The LEGO Movie 2: The Second Part
The Walking Dead
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No consensus yet.
All Critics (25)
| Top Critics (7)
| Fresh (23)
| Rotten (2)
| DVD (2)
It's exhilaratingly funny.
Norma Shearer, Joan Crawford and Rosalind Russell are a few among many of those purring, silken, clawing females so cleverly and mercilessly fashioned.
A film that deserves to be seen (or seen again).
The catty banter and Wildean aphorisms (some of them contributed by Anita Loos) are delivered with impeccable timing by a cast only MGM could have mustered.
[Cukor is] at his best with a cast that includes Rosalind Russell, Norma Shearer, Joan Crawford, Hedda Hopper, Ruth Hussey, Paulette Goddard, and Joan Fontaine.
Picture however holds passages that slow movement down to a walk.
Directing ensemble scenes with upwards of half a dozen divas is no easy feat - leave it to Cukor to corral this kind of star power into a two hour-plus film that never takes a break to powder its nose.
A pretty superb and remarkable film...
Much of the dialogue is comic gold, with several risque quips somehow making it past the censors ("He could crack a coconut with those knees ... if he could get them together!").
Isn't quite as nasty as it probably could have been, coming several years after the establishment of the Hays Code, but it's still plenty witty.
Directed by Cukor with his trademark elegance, and proof of the filmmaker's famed ability to direct female actresses, this sparkling satire on backbiting, privileged women continues to delight.
a bitchy but endearing mix of comedy and melodrama. Norma Shearer holds the chaos together with improbable dignity.
The concept and execution is very much of its time. (Other timely examples of comedy of manners include The Philadelphia Story and Trouble in Paradise.) The film featured all of MGM's biggest female stars: Norma Shearer, Joan Crawford, Paulette Goddard, Rosalind Russell, and Joan Fontaine. The story focuses on Mary Haines (Shearer) a wealthy wife and mother who discovers that her husband is cheating on her with a perfume girl (Crawford). Mary then decides to divorce him, goes to Reno to get said divorce (since this is 1939), and the rest of the film features partner switching, infidelity, scandal, and intrigue as other female characters face the same issues as Mary and her daughter.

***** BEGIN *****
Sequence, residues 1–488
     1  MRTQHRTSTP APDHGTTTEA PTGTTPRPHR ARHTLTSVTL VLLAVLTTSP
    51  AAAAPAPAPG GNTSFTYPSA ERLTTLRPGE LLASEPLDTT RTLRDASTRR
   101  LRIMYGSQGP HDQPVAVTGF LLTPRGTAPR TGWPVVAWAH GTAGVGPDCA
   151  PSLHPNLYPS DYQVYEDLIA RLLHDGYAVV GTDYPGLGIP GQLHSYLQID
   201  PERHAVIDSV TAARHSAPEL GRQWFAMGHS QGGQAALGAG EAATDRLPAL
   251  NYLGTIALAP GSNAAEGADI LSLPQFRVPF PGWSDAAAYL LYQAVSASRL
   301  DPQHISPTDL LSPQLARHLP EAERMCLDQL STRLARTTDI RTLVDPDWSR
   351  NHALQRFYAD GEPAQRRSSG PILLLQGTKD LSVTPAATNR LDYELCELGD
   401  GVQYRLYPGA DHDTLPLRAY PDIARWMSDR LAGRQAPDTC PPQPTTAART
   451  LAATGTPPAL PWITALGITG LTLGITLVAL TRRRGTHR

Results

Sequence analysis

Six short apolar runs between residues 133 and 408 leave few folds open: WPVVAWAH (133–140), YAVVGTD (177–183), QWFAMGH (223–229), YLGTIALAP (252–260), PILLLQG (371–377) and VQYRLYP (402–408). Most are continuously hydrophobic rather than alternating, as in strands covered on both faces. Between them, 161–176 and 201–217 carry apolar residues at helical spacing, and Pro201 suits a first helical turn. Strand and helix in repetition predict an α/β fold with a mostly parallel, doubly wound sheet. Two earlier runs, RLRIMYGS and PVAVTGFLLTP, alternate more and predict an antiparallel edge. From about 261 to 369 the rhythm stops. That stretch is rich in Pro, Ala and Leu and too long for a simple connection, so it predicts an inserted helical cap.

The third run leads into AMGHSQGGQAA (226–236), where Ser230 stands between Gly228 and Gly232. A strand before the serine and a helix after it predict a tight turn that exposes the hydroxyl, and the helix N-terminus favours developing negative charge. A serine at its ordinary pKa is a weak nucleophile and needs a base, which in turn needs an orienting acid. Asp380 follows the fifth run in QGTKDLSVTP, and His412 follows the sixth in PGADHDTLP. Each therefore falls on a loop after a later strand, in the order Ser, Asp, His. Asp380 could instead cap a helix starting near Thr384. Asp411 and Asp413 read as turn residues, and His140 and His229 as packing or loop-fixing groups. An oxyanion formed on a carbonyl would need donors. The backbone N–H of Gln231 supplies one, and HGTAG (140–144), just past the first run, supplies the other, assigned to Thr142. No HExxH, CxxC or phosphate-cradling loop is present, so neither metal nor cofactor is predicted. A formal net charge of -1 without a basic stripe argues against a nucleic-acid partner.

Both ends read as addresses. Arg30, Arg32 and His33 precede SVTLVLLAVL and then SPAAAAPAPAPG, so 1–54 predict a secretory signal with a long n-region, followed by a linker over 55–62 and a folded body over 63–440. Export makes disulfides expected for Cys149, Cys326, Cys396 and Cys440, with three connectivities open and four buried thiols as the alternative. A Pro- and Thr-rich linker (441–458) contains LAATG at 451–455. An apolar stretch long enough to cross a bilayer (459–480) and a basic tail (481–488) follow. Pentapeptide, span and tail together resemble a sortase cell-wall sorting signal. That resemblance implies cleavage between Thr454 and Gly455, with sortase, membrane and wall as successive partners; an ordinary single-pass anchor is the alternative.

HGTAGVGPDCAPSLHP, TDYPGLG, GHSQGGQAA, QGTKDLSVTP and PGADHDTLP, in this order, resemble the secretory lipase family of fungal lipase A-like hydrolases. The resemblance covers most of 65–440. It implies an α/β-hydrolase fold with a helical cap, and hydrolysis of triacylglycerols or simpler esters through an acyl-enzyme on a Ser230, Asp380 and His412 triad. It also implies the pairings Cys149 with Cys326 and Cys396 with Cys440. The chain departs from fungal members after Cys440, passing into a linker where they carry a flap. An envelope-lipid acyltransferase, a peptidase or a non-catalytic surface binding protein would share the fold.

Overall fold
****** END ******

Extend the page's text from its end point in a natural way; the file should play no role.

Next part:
Though the casting gimmick makes for an interesting watch, and the film does focus on basic issues that women have, it's not revolutionary. The women all depend on men. Their issues all stem from men. Their livelihoods, interests, careers, and aspirations are constantly linked to the men around them, even though they are completely unseen. Even when the women are alone, men are their only obligation. Perhaps Clara Boothe Luce and screenwriter Anita Loos were trying to slipin some commentary about the lack of agency in women's lives. A more likely explanation is that executives thought a film solely about women wouldn't interest anyone unless it was solely about finding and keeping men.
The one scene that is supposedly solely intended just for women viewers is a fashion show, which is the only color section of the entire film. Director George Cukor hated it so much that he tried to have it cut from the film. It definitely feels forced and kind of patronizing, since the entire sequence is a lengthy 10 minutes, and it does nothing for the plot. It's as if the film doesn't trust women to be entertained by wit and humor, and decided we needed a palette cleanser, which is obviously ridiculous.
What the original has over all subsequent remakes is a sense of poise and sophistication. Norma Shearer wins because she is a woman of substance, who cannot be replaced by the sultry Joan Crawford. Shearer was clean and concise, and she was known as an actress for her historical roles up until the advent of Turner Classic Movies. Any remake is going to be subpar, because this is a film very much of its time, and we no longer possess the same views on sexuality, marriage, equality, or feminism that we did in the Depression era 1930s. Of course, this didn't stop the 2008 remake from happening.
Much preferred to the Meg Ryan remake of this. I didn't enjoy that one so much I almost didn't want to watch this one at all! Thankfully, it was changed quite a bit from this original, and not in a good way - I think I will seriously have to lower my rating for that remake after seeing this one. It deserves to lose points for making this one seem like it would be crap!
The main problem this one has is that it is over long and has too many characters to warm to all of them, really it could have been an hour or so shorter and would have been better for it. My favourites here were Joan Crawford and Norma Shearer. I gave this an extra half star just for Joan and that bathroom she sets up for herself!
There are better old movies out there to watch, but this one definitely has it's moments and is worth a look.
Left me wondering why any man would step out on warm and beautiful Norma Shearer for creepy and conniving Joan Crawford.
*Phenomenal cast includes Rosalind Russell, Paulette Goddard, Joan Fontaine, Hedda Hopper and Marjorie Main
MUCH MUCH better than the new one!...I love Joan Crawfords dress @ the end scene
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